Rebate Indexation Increases Public Health Sector Costs

11 Jun 2013Media Releases

Government legislation to index the Private Health Insurance Rebate to the CPI will result in a decline in membership, higher premiums and an immediate in increase in public hospital pressure and costs.

As part of its submission to the Senate Community Affairs Legislation Committee into the Private Health Insurance Legislation Amendments (Base Premium) Bill 2013, Private Healthcare Australia released a Port Jackson Partners Report which states that indexation will lead “to an immediate net increase in public sector costs as public hospital costs exceed rebate savings”.

The Report says the number of insured persons plateaus immediately and starts to decline a few years after the Rebate is indexed.

“Indexation could see the number of private hospital insured people fall by 2.6 million people by 2022, translating to a cumulative revenue loss of $40b over the same period…Under indexation of the Rebate the per cent of population covered would be 10% less by 2022.”

Private Healthcare Australia Chief Executive, Dr Michael Armitage said the legislation continued the dismantling by the Government of the successful private health policy settings implemented by the previous Government.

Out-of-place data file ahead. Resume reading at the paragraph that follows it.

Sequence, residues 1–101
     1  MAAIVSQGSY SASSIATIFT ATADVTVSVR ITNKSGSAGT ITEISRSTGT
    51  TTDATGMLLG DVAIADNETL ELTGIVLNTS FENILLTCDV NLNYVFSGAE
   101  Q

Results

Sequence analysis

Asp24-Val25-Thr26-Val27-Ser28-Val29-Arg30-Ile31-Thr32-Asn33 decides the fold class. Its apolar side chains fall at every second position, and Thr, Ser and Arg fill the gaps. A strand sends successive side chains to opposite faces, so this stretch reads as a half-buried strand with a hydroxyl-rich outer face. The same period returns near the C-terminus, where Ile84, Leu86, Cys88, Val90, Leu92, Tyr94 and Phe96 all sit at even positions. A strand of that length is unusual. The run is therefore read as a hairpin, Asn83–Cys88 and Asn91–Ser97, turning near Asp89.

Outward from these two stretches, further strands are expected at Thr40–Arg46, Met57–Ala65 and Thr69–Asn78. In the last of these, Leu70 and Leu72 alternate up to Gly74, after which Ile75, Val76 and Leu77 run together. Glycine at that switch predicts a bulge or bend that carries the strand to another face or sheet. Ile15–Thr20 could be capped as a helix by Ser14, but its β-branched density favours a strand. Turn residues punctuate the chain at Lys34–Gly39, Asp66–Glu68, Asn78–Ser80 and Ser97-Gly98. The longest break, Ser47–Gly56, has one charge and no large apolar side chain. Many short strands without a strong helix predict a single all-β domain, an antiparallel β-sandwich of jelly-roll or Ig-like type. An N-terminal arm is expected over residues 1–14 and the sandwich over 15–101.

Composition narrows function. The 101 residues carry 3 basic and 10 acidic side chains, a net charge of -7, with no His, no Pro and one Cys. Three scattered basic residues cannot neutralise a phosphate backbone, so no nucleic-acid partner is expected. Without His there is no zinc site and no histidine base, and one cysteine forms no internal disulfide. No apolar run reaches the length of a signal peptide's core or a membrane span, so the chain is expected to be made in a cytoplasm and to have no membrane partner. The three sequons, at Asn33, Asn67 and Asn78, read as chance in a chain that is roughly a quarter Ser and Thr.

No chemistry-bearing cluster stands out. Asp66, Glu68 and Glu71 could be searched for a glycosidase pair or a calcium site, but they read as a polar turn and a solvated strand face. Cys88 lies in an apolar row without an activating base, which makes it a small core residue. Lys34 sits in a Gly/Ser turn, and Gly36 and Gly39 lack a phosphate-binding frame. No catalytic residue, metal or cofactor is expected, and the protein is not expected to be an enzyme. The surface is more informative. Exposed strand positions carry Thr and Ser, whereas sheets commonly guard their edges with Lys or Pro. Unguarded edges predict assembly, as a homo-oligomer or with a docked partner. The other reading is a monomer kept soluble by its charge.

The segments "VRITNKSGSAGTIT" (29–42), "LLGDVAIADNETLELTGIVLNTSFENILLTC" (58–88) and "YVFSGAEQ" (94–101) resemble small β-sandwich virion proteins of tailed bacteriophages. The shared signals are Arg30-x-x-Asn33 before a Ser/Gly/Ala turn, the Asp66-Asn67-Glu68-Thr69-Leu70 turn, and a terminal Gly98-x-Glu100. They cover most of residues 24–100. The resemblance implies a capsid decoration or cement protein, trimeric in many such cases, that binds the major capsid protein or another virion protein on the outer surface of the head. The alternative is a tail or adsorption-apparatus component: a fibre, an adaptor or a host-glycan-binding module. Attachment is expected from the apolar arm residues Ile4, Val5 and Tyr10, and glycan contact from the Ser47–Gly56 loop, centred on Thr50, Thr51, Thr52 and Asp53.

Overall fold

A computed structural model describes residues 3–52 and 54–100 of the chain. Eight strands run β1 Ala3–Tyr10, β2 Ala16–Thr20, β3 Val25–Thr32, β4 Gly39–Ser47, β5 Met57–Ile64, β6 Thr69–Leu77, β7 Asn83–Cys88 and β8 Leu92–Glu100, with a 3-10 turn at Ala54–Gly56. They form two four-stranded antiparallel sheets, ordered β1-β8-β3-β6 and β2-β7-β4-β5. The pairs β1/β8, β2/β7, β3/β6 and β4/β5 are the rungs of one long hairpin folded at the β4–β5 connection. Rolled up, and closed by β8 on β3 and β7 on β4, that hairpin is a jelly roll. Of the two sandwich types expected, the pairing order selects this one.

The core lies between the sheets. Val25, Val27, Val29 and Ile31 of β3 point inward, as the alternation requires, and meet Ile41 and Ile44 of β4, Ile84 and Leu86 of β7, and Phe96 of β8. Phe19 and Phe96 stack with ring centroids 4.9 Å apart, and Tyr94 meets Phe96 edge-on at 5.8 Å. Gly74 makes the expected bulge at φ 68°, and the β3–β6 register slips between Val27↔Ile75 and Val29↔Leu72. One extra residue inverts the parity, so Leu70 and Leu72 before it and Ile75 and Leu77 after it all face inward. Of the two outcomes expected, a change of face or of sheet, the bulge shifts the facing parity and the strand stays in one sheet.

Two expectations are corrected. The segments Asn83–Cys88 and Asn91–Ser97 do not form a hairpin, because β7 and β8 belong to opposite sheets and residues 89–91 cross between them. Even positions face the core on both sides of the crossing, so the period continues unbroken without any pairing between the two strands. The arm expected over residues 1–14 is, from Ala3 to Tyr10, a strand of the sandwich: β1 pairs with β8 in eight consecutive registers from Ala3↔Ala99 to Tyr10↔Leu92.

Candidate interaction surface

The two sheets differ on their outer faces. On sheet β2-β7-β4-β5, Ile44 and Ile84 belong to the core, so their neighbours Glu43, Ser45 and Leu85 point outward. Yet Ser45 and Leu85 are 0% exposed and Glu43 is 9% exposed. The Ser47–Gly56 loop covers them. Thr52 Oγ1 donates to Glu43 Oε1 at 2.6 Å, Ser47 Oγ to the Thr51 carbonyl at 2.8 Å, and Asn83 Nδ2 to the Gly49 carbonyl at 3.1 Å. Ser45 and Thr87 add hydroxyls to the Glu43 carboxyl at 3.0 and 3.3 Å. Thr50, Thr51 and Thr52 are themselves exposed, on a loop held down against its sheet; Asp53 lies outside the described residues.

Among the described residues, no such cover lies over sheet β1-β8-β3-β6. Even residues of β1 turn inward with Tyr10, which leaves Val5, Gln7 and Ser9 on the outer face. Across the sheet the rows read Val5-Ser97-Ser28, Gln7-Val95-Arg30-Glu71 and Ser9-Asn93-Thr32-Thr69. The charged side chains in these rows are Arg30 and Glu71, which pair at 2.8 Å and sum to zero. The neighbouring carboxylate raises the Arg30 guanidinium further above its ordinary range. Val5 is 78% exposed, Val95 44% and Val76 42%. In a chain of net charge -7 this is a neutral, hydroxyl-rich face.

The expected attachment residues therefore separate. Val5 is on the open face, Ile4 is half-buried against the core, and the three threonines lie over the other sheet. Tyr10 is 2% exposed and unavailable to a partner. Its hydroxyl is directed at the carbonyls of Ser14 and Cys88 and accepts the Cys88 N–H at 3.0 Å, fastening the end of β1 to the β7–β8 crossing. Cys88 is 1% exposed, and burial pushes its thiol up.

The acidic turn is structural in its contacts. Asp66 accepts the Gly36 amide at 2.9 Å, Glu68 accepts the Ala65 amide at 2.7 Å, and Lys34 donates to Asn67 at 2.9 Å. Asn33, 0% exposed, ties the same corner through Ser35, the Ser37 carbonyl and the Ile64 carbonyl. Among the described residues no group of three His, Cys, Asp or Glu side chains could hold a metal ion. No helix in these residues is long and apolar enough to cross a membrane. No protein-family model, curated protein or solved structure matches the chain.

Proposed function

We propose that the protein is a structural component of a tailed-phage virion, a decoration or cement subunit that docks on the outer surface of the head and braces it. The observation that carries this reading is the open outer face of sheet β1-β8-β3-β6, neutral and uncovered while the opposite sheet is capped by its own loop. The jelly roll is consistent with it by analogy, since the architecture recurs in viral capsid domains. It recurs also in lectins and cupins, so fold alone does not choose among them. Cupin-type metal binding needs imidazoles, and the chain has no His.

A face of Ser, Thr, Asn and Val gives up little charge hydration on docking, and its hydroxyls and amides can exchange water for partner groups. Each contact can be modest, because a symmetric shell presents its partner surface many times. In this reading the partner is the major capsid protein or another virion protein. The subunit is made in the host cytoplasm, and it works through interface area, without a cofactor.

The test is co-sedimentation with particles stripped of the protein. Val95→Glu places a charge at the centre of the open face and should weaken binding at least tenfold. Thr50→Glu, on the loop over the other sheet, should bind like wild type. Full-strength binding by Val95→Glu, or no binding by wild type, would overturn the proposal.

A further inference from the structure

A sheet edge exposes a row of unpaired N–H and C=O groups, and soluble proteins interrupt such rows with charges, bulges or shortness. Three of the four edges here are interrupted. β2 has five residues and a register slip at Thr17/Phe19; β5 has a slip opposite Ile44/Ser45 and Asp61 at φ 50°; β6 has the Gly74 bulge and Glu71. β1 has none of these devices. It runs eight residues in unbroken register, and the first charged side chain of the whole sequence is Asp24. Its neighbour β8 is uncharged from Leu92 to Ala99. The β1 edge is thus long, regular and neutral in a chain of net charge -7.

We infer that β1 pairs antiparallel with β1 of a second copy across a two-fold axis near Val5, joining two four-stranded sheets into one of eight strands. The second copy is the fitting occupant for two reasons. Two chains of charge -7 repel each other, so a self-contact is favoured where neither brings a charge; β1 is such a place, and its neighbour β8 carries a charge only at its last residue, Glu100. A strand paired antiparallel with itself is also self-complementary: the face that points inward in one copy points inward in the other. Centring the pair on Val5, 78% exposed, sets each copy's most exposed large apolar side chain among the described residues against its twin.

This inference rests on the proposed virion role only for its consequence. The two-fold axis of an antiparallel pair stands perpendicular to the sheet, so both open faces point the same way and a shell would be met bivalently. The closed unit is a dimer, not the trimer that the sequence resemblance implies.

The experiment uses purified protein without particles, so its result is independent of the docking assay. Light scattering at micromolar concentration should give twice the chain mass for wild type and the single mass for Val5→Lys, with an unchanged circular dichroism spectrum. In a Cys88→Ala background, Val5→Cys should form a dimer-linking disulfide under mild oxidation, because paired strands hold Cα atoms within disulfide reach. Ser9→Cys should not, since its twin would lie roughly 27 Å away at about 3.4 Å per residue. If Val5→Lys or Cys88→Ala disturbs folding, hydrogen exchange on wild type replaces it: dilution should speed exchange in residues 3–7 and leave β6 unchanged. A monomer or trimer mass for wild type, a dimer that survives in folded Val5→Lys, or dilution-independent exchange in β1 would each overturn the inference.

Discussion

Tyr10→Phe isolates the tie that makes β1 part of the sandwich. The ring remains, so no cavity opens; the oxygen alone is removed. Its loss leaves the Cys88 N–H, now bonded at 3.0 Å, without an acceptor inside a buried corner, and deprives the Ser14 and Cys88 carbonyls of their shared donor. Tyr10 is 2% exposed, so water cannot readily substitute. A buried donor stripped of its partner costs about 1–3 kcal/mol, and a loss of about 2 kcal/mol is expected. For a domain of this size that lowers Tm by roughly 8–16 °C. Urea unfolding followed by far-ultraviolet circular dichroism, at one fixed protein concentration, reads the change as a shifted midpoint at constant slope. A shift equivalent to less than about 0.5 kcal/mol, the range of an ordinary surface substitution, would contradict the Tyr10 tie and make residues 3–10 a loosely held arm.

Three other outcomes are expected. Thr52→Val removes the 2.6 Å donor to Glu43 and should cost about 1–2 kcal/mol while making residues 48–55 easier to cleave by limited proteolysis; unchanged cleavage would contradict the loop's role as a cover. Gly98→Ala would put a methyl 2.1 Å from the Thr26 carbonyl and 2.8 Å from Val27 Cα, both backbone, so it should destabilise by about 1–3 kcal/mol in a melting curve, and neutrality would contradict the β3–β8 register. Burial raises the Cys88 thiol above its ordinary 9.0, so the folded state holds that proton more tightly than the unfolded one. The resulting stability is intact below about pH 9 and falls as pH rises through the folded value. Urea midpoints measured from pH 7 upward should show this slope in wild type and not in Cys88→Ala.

“The introduction of the Medicare Levy Surcharge, Lifetime Health Cover and the 30% Rebate all contributed to the reversal in the long term decline of private health insurance membership.

“All three policy settings have been altered by this Government in recent years and these changes all work to undermine consumer confidence in private health”.

Dr Armitage said a number of Funds including the Government’s own fund were reporting “an increased amount of sell down” as people who prepaid their policies last year to retain the government rebate faced prices rises of 40 percent or more. (SMH 8 June 2013, page 4)

“This legislation represents poor public health policy as its only purpose is to allow the Government to cost-shift towards those individuals who hold private health insurance”.

Contact: Jen Eddy 02 62021000